Leader: Labour is back on track with its high-speed rail promise

Andrew Adonis's ambitious high-speed rail project proves that there are still good ideas coming from

After Andrew Adonis, the Transport Secretary, outlined his plans for a high-speed rail network to the cabinet on 9 March, he was applauded by his colleagues. At a time when Labour is accused of running out of ideas in advance of its unlikely attempt at a fourth term in office, Lord Adonis stands out as a minister of energy and vision.

There is no doubt that our transport system - and our railways in particular - are in urgent need of reform. Lord Adonis's proposals are a good, if belated, start. Britain has only 68 miles of high-speed rail, linking London, through the Channel Tunnel, to France. Although any fully modernised rail network would not be completed for another 20 years and would require billions of pounds of investment, there will be more immediate benefits. These include the proposed 250mph routes and extensions to Birmingham, the north of England and Scotland, cutting journey times by up to two hours to the north of the country.

High-speed rail is not just about speed, as Lord Adonis has said. Britain suffers from the acute connectivity limitations of the Victorian rail network, with three separate and inefficiently connected main lines from London to the north, which have survived virtually unchanged, each with its own separate London station. Other countries have used new networks to transform route connections between major cities, and there is no reason why we should not do the same.

However, given the likelihood of widespread and deep cuts in public spending to reduce the Budget deficit after the general election - whichever party wins - it is likely that a change of government would curtail the proposals, which could cost as much as £8bn. Yet the costs of such a project are surely worth paying, even during a time of austerity. Experts predict that the economic benefits would ultimately be worth as much as £125bn, which would outstrip costs by a ratio of 3:1. Estimates from Network Rail forecast at least £30bn of net benefits. Some of the poorest regions would benefit most, through investment in local economies.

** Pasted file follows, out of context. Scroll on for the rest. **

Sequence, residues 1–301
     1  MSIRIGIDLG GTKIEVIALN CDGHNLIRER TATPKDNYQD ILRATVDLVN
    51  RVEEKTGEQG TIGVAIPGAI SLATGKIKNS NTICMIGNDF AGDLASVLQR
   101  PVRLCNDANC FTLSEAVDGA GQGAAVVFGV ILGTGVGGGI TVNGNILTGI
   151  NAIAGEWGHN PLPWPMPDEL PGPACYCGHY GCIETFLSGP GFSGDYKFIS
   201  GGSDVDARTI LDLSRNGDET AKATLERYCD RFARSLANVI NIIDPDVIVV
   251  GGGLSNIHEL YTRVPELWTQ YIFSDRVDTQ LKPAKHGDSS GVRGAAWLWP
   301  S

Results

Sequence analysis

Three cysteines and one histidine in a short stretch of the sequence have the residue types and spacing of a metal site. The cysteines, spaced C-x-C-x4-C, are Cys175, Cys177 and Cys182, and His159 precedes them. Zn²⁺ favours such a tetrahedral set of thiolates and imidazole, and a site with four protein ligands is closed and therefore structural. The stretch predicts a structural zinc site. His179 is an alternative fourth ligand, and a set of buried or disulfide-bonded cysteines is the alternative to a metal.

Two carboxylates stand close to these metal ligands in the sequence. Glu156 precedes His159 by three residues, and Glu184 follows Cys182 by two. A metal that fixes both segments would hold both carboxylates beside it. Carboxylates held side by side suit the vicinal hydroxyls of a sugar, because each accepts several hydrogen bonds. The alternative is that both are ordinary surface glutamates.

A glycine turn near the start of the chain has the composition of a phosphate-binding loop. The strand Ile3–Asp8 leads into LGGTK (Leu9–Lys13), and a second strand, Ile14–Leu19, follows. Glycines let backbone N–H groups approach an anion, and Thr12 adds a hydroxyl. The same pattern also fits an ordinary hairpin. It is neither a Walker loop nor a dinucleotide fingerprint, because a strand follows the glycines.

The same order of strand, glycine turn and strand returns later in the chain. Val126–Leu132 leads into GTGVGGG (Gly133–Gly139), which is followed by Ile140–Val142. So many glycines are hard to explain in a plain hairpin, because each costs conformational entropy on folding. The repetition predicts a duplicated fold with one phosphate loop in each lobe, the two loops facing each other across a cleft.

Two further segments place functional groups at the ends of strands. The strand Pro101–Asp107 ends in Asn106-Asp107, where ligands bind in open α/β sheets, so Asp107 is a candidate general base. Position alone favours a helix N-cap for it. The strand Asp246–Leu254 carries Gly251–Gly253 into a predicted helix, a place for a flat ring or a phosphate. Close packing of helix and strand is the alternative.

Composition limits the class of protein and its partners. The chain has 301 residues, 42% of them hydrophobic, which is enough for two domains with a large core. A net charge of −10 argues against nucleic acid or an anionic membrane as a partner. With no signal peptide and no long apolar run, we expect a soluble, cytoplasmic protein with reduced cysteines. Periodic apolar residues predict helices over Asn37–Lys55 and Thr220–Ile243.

The cold and clinical language of "cuts" hides the reality of our crumbling transport infrastructure. Why is it that our hospitals have improved so much in recent years? Because the government, during the boom years, spent billions on improving them. Why is it that our European neighbours have better roads and faster and more efficient trains than we do? Because they invest in their transport infrastructure.

Our railways were hugely damaged by the Tories' botched privatisation, which, as Lord Adonis conceded in an interview with James Macintyre for this magazine last year, should have been more rigorously opposed by the Labour Party in opposition, if not reversed in government.Lord Adonis's proposals have, so far, received support from opposition parties on "environmental grounds" and, in the case of the Conservatives, as an alternative to building a third runway at Heathrow. Is the support sincere? At a time when the Conservatives are fast becoming the "English party" - expanding on their majority in England at the 2005 election - Gordon Brown is keen to present Labour as the patriotic party of the Union. Private discussions between Lord Adonis and the Prime Minister are said to have revolved around presenting the proposals as "pro-Union", by making movement between Scotland and England easier.

No wonder Downing Street has described Lord Adonis's proposals as one of the government's "big national ideas". Not for the first time, the "Blairite" peer, who backed public- service reform under his mentor, has helped place Labour in a position where the Tories are in a muddle. The Tories have long sought to persuade Lord Adonis to defect. That he remains in Labour shows that, even at the eleventh hour, there are still good ideas coming from this government.

This article first appeared in the 15 March 2010 issue of the New Statesman, Falklands II